* Undertaking Roundtable discussion and feedback into overarching policy and process;
* Holding annual regional stakeholder meetings to discuss future planning and issues; and,
* Undertaking one-on-one industry/individual discussions.

2014-041 “Potential impact of low-frequency sound from seismic operations on benthic communities in the Gippsland Basin”

The final report for this project was independently peer reviewed by the FRDC and project steering committee.

This project was initiated to undertake a before and after assessment to quantify potential impacts from a 2D seismic survey undertaken by Geoscience Australia in the Gippsland Basin off the coast of Victoria. Initially the project was to obtain seafloor images and identify scallops via an Autonomous Underwater Vehicle (AUV). Four acoustic recording units were used with 3 being used in the vicinity of the seismic survey and one control. A number of dredge samples were also taken in areas outside of the seismic survey area to assess number of alive and dead scallops as well as the meat and gonad condition of scallops.

The project did have some issues with technology with the AUV footage prior to the seismic survey not being usable due to poor image quality. Additionally, one unit failed to record during the time that the survey was directly above it. The report has stated that there was no short term impact found and suggested as a recommendation that further studies should focus on longer term impacts (addressed below).

Current FRDC Seismic Research Report Summaries

2017-186 “Oil and Gas: National coordination - seismic and other issues”

This project was initiated to assist the seafood and petroleum industries in navigating NOPSEMA’s environmental plan process, in particular optimising stakeholder consultation. This project is anticipated to deliver a publicly accessible “one stop shop” for seismic-related research to inform consultation between the seafood and petroleum industries. This common knowledge platform would also underpin the definition of “best practice” consultation to use as a base for environment plan submissions. This project builds on the recommendations from FRDC project 2013-209.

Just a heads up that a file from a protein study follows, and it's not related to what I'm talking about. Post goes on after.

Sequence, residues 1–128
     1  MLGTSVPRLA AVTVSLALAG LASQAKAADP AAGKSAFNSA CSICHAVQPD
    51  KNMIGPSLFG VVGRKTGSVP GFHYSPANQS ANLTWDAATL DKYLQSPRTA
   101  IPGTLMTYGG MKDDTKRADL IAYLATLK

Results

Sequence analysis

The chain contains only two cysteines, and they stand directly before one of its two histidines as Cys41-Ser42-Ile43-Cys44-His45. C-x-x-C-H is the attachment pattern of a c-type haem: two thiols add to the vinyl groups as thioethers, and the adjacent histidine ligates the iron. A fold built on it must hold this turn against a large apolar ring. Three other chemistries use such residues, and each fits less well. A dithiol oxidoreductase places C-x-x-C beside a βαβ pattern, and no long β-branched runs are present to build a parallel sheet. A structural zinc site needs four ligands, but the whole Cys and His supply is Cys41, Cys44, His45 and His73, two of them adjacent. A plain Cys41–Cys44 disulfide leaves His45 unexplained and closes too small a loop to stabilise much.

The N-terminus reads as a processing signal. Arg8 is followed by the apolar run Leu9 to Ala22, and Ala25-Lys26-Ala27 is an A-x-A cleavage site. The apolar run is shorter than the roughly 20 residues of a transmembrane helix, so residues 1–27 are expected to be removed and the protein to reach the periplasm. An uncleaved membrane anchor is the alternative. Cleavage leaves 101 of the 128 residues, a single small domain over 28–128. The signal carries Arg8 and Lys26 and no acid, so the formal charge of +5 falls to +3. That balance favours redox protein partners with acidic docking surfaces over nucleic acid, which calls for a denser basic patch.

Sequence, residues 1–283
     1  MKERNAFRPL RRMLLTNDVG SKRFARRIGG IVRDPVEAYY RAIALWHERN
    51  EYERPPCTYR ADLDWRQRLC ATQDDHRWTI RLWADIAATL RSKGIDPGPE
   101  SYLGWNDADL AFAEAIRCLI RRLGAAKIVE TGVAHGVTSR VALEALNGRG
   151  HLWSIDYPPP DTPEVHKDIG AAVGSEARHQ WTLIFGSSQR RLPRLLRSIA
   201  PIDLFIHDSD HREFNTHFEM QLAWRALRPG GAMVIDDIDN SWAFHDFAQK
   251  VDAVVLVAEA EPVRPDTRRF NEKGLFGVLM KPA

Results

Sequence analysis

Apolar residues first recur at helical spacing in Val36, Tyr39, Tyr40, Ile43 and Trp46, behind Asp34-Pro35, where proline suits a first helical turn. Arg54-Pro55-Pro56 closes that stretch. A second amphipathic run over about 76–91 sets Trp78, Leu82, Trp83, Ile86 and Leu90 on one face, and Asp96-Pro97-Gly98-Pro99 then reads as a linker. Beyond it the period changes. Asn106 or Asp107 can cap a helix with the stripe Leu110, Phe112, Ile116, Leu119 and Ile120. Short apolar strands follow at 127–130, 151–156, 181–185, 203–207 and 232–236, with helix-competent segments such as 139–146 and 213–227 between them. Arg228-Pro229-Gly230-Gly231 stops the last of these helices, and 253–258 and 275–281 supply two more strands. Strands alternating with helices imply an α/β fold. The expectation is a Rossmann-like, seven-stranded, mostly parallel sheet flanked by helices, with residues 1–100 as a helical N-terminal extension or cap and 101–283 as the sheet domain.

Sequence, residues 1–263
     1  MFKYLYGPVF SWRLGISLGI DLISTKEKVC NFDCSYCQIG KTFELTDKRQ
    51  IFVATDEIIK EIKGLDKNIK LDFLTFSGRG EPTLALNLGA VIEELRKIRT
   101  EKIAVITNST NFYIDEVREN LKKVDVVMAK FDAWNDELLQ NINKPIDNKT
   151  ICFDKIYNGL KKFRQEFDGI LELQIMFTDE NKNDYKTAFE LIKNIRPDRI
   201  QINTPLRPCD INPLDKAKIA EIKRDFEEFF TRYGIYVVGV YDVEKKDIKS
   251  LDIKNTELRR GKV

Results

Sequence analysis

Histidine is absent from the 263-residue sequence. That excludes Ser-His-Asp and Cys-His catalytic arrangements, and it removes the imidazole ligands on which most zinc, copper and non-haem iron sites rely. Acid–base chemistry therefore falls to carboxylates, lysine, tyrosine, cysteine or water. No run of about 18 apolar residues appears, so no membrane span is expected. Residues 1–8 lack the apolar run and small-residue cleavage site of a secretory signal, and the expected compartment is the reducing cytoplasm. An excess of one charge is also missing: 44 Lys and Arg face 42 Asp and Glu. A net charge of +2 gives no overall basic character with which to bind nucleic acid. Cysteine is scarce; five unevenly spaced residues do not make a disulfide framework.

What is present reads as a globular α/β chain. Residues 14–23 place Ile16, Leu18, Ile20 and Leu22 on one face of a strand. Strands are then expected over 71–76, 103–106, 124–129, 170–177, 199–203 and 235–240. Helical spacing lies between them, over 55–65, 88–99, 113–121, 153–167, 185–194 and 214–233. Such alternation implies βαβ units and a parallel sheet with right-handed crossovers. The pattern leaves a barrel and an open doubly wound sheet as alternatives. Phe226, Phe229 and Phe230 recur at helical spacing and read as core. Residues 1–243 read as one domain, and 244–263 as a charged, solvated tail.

2019-051 “Examining the potential impacts of seismic surveys on Octopus and larval stages of Southern Rock Lobster”

The overlap with the CGG marine seismic survey and the shelter-pot octopus fishery has raised concerns from the fishing industry about the potential impacts to Octopus and the fishers. Tank-based experiments simulating seismic exposure have resulted in high levels of damage in several species of Octopus, however, it is unclear how experiments conducted in tanks translate into the field.

Field-based seismic experiments have rarely been conducted on invertebrates, with no such studies conducted on Octopus. CCG has agreed to provide funds to fill the knowledge gap surrounding the potential impact of seismic surveying on Octopus and to do this in conjunction with their scheduled commercial scale marine seismic survey, with the lack of a full array often a perceived limitation of seismic research.